Environmentally-friendly dimmable technology reduces energy consumption
At a press conference on 18 April, Professor Ron Hui and Dr Henry Chung of CityU’s Department of Electronic Engineering demonstrated how the dimmable technology works in lamps and how it contributes to the reduction of environmental pollution. Both Professor Hui and Dr Chung pointed out that, in lighting systems, having dimming ability does not necessarily mean energy-saving, and energy-saving technology does not necessarily mean that it is environmentally-friendly. However, CityU’s novel dimmable lighting technology is both energy-saving and environmentally-friendly.
“Striking a balance between development and harmony of the ecosystem has become an issue of common concern for mankind,” said CityU President Professor H K Chang while kicking off the press conference. “The novel dimmable technology introduced by Professor Hui and Dr Chung not only reduce energy consumption, it also helps reduce damages to the ecosystem.”
In electric lighting systems for discharge lamps such as fluorescent lamps and high-intensity-discharge lamps, a device known as “ballast” is used to control and limit the current in the lamp. The mainstream product, “electromagnetic ballast”, consists of a choke which is made of metal core and copper winding. It is highly reliable and has a typical lifetime of 15-20 years, with little maintenance required. The metallic choke is recyclable and is therefore environmentally friendly.
There is a recent trend of replacing the “electromagnetic ballasts” with “electronic ballasts”, because the latter consume about 10 to 15% less electricity. However, the increasing use of energy-saving electronic ballasts leads to an environmental problem – accumulation of toxic electronic waste. Electronic ballasts have a relatively short lifetime ranging from one to five years. Each piece of electronic ballast can only control up to one to three lamps. Therefore, widespread use of electronic ballasts will lead to massive accumulation of toxic electronic waste.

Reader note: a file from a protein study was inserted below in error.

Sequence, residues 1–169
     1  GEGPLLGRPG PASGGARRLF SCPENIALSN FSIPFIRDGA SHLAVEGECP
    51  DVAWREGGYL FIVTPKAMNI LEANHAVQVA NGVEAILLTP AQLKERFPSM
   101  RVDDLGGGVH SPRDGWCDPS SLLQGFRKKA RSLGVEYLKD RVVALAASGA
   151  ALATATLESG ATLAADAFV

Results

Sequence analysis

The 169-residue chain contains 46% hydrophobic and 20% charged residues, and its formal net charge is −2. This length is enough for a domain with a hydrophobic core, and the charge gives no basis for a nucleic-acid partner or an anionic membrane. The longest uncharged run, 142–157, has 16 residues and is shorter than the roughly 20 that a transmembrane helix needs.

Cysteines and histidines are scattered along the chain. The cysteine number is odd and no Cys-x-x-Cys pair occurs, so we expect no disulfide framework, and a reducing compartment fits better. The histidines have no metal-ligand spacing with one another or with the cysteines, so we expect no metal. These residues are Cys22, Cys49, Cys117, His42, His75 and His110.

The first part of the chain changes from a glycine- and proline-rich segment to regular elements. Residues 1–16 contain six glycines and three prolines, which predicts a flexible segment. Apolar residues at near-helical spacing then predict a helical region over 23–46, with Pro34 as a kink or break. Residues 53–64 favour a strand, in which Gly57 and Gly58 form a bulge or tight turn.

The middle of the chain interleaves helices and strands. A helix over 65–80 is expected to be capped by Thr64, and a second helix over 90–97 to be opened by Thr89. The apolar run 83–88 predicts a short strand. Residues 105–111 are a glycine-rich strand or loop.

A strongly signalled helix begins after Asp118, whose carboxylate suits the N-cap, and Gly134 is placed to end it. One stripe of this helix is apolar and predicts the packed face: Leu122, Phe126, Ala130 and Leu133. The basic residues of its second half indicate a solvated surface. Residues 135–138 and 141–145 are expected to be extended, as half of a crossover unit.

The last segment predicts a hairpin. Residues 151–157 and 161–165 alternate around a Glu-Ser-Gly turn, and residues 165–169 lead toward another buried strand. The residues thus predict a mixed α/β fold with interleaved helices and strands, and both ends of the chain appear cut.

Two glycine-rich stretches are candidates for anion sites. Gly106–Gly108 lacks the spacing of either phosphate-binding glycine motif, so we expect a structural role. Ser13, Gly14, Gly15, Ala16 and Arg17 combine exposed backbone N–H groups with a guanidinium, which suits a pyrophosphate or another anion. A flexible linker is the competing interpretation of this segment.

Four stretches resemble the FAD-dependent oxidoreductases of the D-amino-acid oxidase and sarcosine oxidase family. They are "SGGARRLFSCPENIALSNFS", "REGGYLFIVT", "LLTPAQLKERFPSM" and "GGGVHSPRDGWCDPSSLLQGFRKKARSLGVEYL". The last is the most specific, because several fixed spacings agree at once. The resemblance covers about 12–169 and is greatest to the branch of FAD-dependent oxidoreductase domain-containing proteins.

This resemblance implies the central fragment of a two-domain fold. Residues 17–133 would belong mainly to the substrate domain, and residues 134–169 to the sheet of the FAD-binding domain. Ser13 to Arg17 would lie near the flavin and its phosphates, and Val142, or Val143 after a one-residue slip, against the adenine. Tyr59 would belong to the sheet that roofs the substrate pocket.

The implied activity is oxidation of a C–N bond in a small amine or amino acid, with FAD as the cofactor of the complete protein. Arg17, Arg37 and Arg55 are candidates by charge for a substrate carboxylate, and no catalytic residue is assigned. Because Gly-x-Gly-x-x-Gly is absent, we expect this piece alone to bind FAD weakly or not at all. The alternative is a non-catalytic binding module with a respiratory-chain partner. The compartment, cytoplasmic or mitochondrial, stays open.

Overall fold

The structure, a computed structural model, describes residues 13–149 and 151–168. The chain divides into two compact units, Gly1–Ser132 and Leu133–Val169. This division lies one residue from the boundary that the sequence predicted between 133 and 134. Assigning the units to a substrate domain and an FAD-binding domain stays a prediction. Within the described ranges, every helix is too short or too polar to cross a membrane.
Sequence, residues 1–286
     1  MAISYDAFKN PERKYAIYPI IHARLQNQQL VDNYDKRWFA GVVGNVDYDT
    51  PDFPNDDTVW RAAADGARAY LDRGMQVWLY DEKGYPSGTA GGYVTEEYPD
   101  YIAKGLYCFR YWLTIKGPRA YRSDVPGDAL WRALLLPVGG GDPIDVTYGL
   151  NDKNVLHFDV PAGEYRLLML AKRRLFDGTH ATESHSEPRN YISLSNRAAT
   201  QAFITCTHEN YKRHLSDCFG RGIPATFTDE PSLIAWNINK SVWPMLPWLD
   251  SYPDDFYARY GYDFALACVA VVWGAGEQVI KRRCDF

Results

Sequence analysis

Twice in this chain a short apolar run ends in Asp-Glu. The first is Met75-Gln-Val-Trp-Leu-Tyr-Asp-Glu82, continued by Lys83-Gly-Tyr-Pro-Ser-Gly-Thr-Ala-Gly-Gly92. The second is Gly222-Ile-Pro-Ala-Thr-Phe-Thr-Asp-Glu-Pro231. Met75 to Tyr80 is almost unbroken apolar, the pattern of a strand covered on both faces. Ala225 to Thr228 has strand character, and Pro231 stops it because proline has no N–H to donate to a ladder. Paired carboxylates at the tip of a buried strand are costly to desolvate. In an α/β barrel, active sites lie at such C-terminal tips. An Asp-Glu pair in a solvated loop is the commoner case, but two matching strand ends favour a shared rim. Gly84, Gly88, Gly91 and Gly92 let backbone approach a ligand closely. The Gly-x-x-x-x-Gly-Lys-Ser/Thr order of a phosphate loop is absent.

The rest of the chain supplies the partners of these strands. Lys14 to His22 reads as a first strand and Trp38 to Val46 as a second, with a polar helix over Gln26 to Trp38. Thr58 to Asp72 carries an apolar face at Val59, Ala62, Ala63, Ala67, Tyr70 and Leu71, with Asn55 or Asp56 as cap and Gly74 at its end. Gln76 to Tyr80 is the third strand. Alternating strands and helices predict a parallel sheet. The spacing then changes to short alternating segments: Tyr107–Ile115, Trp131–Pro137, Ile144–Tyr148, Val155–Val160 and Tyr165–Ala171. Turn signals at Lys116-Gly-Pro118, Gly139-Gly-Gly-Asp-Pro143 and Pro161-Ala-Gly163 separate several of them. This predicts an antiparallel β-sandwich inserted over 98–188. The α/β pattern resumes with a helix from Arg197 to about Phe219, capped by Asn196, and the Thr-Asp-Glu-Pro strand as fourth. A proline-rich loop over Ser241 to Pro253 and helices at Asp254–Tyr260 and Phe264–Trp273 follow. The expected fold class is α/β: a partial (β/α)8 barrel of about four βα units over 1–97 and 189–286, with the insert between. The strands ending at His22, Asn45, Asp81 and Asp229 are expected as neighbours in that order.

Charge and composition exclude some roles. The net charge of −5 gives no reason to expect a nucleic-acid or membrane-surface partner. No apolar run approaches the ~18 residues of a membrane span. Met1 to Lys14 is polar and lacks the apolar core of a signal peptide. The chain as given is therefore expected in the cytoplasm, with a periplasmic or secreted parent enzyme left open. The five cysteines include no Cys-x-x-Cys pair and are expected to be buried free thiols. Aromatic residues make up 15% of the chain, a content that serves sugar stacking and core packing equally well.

Professor Hui and Dr Chung developed a central dimming technology that can turn “non-dimmable” electromagnetic ballasts into “dimmable” ones. It is compatible with all electromagnetic ballasts and no major rewiring is required. Its dimming capability allows users to use lighting energy when and where it is necessary and to the appropriate lighting level. Each central dimming system can control up to 150-200 discharge lamps, so substantial reduction in electronic waste can be achieved. It has a “self-recovery” feature, that is, if the central dimming system fails, the lighting system will continue to work. “The novel technology is suitable for extreme weather conditions and requires very low maintenance cost,” said Professor Hui.
Through the support of a CityU associated company, e. Energy Technology, this central dimming technology (patent-pending) has been successfully applied to road lighting systems. It is suitable for applications both in indoor and outdoor large lighting systems such as roads and highways, parks and gardens, multi-storey car parks, public housing estates, industrial and commercial buildings, airports, hotels, universities and sports stadiums.
Lighting systems consume about 15 to 18% of global electricity. If the new technology is widely applied, it could reduce power consumption in electric lighting systems by 1/15 (or 6.7% in the lighting energy sector), thus reducing 1% of global electrical energy consumption annually. The central dimming control system has been tested in